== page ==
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    In order to get the principal point and the extrinsic parameters, you have to calibrate your camera system first. That can be done using the opencv function stereoCalibrate, or use the famous matlab calibration toolbox. Besides, cx cy are definitely not 0s. If the size of your image is [sx, sy], [cx, cy] will be close to [sx / 2, sy / 2]. – Yang Kui Jul 6 '15 at 10:52
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    @YangKui I know. And the cx, cy of a 1000x1000 picture would be equal (more or less) to (500, 500) as opposed to (0, 0). So the coordinates are "counted" from top-left, as usual, instead of the center (where we'd have a negative half, 0 at the center, and positive half) – Petersaber Jul 6 '15 at 11:23
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Beyond telling you to read about stereo vision as @YangKui suggested, I can answer some of your sub-questions.

The equation you quote is the (single camera) 3D to 2D projection equation. This is a projective geometry equation (hence the 1s as the last coordinates) and everything is up to some scale s.

  • s is this scale factor.
  • R is the 3x3 Rotation of the camera relative to the world/chosen coordinate system.
  • t is the translation of the camera origin from the world/chosen coordinate system origin.
  • cx and cy are the principle points in the image - the point of the image plane in pixel units that the Z axis intersects. It is often assumed to be as the center of the image.
  • 3D to 2D... so I basicly took a reverse equation to what I want to do? Also, if the camera is perfectly level, will R basicly contain only zeros and ones? And what exactly is a translation of the camera origin? Does that mean the distance from the origin point, (where x y and z intersect on my picture)? A (Ax, 0, 0) matrix? – Petersaber Jul 6 '15 at 11:30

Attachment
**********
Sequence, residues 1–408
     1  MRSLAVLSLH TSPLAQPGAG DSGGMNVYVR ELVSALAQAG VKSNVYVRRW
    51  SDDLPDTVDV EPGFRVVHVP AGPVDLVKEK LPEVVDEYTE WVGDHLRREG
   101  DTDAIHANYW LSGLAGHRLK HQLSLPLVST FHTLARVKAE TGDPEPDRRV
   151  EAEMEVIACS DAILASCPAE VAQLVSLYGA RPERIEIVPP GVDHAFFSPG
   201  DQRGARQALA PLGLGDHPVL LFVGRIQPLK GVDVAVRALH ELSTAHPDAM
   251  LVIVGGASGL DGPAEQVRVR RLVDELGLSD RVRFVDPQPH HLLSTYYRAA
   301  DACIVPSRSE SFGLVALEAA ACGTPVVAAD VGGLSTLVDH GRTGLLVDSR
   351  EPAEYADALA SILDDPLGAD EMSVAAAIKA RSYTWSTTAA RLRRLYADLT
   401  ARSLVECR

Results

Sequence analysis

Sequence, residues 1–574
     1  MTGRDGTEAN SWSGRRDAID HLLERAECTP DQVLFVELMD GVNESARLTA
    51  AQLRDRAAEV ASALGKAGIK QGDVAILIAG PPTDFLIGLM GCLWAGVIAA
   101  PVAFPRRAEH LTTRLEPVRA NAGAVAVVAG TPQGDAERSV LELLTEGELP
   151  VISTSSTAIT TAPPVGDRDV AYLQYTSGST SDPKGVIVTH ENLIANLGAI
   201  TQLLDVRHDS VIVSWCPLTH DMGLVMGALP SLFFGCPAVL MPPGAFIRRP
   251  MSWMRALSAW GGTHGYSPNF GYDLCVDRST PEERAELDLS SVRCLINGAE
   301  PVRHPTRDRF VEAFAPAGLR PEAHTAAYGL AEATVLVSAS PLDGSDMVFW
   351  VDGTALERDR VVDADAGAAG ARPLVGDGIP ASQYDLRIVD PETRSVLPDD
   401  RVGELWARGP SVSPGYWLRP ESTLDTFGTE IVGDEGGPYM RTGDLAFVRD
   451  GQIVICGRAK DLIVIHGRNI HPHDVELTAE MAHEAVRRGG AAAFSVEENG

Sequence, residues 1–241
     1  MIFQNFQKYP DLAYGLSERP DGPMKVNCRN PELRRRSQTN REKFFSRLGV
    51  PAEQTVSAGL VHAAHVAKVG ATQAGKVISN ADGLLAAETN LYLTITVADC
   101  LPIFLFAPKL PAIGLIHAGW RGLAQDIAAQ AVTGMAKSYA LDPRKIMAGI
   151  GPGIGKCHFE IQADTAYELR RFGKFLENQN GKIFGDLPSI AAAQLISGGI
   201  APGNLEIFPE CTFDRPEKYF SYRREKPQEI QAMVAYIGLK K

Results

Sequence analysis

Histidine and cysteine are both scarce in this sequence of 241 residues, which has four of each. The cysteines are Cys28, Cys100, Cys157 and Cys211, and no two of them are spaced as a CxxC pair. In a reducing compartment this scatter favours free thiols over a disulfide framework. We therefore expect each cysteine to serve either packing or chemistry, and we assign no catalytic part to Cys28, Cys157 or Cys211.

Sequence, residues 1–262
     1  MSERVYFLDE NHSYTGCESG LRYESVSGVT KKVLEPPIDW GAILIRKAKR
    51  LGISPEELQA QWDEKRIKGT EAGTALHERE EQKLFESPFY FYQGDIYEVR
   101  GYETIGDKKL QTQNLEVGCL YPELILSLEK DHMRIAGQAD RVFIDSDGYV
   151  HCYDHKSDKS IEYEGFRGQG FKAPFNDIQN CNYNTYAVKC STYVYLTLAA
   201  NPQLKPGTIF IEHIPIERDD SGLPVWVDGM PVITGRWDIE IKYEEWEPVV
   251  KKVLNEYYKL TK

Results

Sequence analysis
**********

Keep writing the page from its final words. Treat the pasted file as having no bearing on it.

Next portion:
• Yes. But you have to dig more deeply into two-camera reconstruction. In this case it is common to choose one camera at the origin and the other in relation to the first. – Adi Shavit Jul 6 '15 at 11:32
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One approach, which I find provides intuition if not a high-performance implementation, is to construct the camera matrix for both cameras and then use nonlinear optimization to solve for M minimizing "reprojection error".

So come up with the camera matrices: A's camera matrix will map A's camera center in world coordinates to (0, 0, 0) in A's camera coordinates. The rotation part of A's camera matrix will map (0, 1, 0) in world coordinates to (0, 0, 1) in camera coordinates.

Now you can map world coordinates to A and B image coordinates, so for any (x, y, z) you have a corresponding 4-vector: (x_A, y_A, x_B, y_B). If you throw in the point (A_x, B_y, 0), you get out a 4-vector. The difference between that 4-vector and the measured position is your reprojection error. Throw that at a solver and it should quickly converge on an answer.

You might try ''Multiple View Geometry in Computer Vision'' by Hartley and Zisserman.